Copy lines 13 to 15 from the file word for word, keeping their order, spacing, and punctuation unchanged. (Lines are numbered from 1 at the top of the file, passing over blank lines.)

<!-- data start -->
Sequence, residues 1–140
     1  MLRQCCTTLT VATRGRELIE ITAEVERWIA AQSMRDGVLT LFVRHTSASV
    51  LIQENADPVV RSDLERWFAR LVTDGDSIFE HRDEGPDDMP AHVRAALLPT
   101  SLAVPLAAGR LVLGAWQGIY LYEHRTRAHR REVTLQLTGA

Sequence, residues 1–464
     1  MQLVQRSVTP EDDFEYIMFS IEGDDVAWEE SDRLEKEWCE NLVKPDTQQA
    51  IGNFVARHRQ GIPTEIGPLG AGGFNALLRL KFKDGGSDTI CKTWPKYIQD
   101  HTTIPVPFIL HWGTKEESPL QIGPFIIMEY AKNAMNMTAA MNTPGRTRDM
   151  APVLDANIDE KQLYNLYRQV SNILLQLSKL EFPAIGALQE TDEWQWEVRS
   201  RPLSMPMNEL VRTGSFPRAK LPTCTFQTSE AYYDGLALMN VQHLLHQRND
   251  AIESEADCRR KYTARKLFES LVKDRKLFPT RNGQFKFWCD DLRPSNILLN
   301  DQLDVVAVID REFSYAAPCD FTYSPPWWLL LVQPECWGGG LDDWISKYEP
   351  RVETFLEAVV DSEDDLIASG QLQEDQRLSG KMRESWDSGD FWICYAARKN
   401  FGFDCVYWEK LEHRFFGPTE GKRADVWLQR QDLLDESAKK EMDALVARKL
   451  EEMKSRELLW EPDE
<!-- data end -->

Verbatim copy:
   351  RVETFLEAVV DSEDDLIASG QLQEDQRLSG KMRESWDSGD FWICYAARKN
   401  FGFDCVYWEK LEHRFFGPTE GKRADVWLQR QDLLDESAKK EMDALVARKL
   451  EEMKSRELLW EPDE